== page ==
Taylor polynomial of degree 2n-1

So I am asked to find the Taylor polynomial of degree 2n-1 for $f(x)=\sinh(x)$ centered at 0.

I have the general formula for a Taylor series but I'm not really sure how to proceed. I can't really take the 2n-1'st derivative or anything.

Can someone suggest how I start this problem?

• Taking the $2n-1$ first derivative is not the good way. Use the classical expansion $sinh(x)=x+x^3/3!+x^5/5!+\cdots+x^{2n-1}/(2n-1)!$. The proof of it being what @Claude Leibovici indicates. Commented Nov 6, 2016 at 8:03
• Isn't it 2n+1? Not 2n-1? Commented Nov 6, 2016 at 8:17
• You are asked a degree $2n-1$ polynomial... Commented Nov 6, 2016 at 8:31
• Right. I forgot the exponent is the degree of the polynomial. Thanks. That means I can't get a closed form expression, I just have to use a $... x^{2n-1}/(2n-1)!$ Commented Nov 6, 2016 at 8:33
• Thanks. I got it now. Just had to wrap my head around the fact the degree wasn't an explicit number which threw me off. Commented Nov 6, 2016 at 8:35

Hint

Why not to start from $$\sinh(x)=\frac{e^x-e^{-x}}2$$

Edit

I suppose that your professor would not enjoy the following lazy way : starting from the trigonometric identity $$\sin(ix)=i \sinh(x)\implies \sinh(x)=-i \sin(ix)$$ then, using Taylor expansion of the sine,

$$\sinh(x) =- i\sum^{\infty}_{n=0} \frac{(-1)^n}{(2n+1)!} (ix)^{2n+1}=- \sum^{\infty}_{n=0} \frac{(-1)^n}{(2n+1)!}i^{2n+2} x^{2n+1}= \sum_{n=0}^\infty \frac{ x^{2n+1}}{(2n+1)!}$$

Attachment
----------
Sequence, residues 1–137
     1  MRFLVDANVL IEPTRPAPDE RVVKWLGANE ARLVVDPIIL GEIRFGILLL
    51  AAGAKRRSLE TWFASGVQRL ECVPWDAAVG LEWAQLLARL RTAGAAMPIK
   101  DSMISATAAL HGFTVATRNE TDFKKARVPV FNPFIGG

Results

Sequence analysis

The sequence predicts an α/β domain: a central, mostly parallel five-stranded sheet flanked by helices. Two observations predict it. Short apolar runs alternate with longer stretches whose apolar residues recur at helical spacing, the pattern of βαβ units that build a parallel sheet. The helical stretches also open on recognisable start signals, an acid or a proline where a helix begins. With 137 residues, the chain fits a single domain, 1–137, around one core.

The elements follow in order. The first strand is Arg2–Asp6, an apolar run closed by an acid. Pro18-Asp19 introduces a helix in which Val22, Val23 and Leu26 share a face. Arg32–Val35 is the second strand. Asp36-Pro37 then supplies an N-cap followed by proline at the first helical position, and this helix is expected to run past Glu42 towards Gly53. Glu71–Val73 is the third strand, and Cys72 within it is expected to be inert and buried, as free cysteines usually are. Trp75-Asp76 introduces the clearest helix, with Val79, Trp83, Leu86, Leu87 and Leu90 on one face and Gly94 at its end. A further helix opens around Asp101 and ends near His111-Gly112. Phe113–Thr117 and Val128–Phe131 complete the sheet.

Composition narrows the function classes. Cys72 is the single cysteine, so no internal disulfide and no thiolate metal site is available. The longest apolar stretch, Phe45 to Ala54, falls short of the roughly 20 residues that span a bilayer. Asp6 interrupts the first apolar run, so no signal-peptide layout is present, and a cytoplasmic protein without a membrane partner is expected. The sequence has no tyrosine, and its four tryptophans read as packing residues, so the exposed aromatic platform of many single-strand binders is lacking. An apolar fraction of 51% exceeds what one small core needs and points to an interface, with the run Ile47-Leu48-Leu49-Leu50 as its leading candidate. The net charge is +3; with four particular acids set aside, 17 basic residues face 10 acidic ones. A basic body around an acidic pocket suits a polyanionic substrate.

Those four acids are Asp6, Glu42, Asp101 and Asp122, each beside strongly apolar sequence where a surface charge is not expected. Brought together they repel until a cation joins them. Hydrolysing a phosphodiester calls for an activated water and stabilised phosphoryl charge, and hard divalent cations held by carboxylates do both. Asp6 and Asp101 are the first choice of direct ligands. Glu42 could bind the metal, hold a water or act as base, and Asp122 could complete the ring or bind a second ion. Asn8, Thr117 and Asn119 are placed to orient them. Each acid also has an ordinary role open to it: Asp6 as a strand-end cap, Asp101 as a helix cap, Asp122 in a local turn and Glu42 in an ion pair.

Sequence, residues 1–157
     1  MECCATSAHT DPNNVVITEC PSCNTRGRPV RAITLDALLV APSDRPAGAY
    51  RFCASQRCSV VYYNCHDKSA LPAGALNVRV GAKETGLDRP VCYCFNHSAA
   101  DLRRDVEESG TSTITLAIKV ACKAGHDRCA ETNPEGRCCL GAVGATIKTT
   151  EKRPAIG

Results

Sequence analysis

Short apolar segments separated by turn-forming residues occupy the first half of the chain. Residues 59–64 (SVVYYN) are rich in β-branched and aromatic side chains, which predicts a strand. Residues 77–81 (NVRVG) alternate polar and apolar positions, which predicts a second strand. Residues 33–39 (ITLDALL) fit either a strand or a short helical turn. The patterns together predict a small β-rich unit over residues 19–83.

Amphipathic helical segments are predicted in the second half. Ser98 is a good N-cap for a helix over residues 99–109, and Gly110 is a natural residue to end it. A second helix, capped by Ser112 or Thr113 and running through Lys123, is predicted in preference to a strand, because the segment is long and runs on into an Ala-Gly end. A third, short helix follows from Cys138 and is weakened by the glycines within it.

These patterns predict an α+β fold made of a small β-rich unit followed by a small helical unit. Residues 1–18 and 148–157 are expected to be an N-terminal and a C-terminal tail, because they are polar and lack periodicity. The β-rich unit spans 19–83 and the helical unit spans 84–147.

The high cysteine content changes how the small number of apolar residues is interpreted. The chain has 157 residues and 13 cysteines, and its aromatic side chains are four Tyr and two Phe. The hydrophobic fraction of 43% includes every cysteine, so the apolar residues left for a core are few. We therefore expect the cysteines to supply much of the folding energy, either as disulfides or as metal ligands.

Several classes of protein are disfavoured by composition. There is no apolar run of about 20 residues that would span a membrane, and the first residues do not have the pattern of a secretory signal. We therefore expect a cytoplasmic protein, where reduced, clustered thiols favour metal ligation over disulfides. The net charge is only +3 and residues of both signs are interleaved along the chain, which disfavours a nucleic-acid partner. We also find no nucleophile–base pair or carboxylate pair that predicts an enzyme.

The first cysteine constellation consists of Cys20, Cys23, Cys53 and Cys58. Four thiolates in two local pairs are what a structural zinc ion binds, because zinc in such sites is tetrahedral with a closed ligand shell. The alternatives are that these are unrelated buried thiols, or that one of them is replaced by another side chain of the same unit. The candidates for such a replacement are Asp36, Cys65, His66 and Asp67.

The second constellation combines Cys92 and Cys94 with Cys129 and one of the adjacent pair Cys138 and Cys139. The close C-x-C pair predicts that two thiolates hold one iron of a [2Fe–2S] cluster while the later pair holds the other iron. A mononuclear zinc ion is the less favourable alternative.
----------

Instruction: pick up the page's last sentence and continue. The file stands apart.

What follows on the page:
If he/she has a sense of humour, it could be interesting to ask him/her what would have been his/her reaction facing such an approach.

• Yeah I know I can do that but how does the 2n-1 come into play? I feel like I am missing something very trivial. Commented Nov 6, 2016 at 8:14
• In any case, here is the derivation: $$\sinh x = \frac{1}{2} ( e^{x} - e^ {-x}) = \frac{1}{2}(\sum_{n=0}^\infty \frac{x^n}{n!} - \sum_{n=0}^\infty \frac{(-x)^n}{n!}) = \frac{1}{2}\sum_{n=0}^\infty \frac{(1-(-1)^n ) x^n}{n!} = \sum_{n=0}^\infty \frac{ x^{2n+1}}{(2n+1)!}$$ Where do I do from there? Commented Nov 6, 2016 at 8:21
• Stop the summation at $2n-1$ and use the big $O$ notation. Commented Nov 6, 2016 at 8:25
• Ohh I see what you're saying. There is no possible way to get a closed form polynomial is there? I just have to use the O notation. Commented Nov 6, 2016 at 8:30
• @SubhashisChakraborty. This is correct. Cheers. Commented Nov 6, 2016 at 8:44